Matt's post is interesting, because it targets duplicate content in particular. That's going to affect Press Release material along with scrapers, which in turn means that hopefully all those reporters (and systems) lazily cutting and pasting releases will eventually need to go and verify their source and actually read them if they want any search traffic.
| 6:08 pm on Jan 28, 2011 (gmt 0)|
"The net effect is that searchers are more likely to see the sites that wrote the original content"
I wrote about our problems a few months ago with regard to original content. We had stopped writing new onsite content because our rate of spidering by Google was far lower than it was by scrapers. The result was that anything we wrote would end up getting top listings on a scraper site and our pages would get nowhere fast.
Does this mean that it's all over ? Because I'm not seeing anything as yet.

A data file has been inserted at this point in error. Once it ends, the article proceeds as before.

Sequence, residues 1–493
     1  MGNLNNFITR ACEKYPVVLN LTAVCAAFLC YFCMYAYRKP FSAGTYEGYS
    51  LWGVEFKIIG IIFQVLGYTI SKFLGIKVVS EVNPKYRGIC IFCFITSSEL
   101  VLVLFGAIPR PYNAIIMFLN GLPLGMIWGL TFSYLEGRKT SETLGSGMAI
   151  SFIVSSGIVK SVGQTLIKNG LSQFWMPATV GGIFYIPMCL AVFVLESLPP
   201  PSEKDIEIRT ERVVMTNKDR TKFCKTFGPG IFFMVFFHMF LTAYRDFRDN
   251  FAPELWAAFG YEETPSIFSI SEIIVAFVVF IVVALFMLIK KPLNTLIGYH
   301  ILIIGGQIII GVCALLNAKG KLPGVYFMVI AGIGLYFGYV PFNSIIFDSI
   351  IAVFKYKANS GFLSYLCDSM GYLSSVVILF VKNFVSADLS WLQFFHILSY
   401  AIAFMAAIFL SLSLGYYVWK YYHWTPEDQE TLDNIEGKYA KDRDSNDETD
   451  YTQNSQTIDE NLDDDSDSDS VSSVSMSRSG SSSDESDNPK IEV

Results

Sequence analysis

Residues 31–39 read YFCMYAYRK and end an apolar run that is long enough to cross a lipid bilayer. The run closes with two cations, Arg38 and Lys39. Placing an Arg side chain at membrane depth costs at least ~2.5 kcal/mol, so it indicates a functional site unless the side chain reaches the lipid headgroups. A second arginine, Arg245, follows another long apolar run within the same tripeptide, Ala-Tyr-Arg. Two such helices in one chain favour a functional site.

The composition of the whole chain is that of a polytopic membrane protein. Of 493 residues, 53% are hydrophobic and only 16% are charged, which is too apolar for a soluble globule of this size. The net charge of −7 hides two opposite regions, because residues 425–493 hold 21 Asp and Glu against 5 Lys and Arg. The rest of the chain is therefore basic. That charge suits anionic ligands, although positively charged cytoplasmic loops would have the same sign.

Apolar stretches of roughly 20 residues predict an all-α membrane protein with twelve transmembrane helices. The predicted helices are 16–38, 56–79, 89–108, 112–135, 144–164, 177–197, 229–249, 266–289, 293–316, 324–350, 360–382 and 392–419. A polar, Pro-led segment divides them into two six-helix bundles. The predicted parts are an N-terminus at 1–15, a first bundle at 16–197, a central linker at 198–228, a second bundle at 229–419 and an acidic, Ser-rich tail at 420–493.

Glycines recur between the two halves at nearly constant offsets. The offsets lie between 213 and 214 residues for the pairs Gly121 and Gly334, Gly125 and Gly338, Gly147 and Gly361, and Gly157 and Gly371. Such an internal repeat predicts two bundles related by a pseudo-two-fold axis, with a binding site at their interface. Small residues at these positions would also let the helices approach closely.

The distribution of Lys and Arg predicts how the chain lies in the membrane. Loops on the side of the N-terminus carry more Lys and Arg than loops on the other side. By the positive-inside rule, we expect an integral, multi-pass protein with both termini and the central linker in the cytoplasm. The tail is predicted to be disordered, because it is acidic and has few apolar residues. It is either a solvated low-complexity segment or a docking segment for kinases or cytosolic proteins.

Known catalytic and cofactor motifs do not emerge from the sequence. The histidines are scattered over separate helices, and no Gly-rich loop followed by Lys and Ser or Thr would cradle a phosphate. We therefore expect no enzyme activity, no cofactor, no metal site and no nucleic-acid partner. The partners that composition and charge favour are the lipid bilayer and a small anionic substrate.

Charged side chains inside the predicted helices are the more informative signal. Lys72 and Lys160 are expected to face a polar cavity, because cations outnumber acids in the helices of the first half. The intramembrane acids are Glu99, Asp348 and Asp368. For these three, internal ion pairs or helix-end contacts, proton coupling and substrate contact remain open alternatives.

| 6:16 pm on Jan 28, 2011 (gmt 0)|
|"Lets just move on, Google is the new AV." |
But they're not ~ AV is off the charts; G is "Number 1 With A Bullet". Percentage wise, they hold 7 positions in this week's Billboard Top Ten. They are in fact, for many of us, the prime determiner of our income level. When they get it even a little bit wrong, the pain is considerable. It does no good & makes no difference to simply complain that a Google-centric world is dangerous ... but it's true ~ and we've been saying it here for a LONG time.
| 6:20 pm on Jan 28, 2011 (gmt 0)|
Some people really think Google owes them a living.
| 6:21 pm on Jan 28, 2011 (gmt 0)|
Im not sweating it Reno, G is less then 30% of our traffic. Will they fix us as we are clearly collateral damage? Maybe, who knows. I wonder if all the scrapers have damaged us in some way and we are not considered as unique now because of them?
| 6:48 pm on Jan 28, 2011 (gmt 0)|
|Some people really think Google owes them a living. |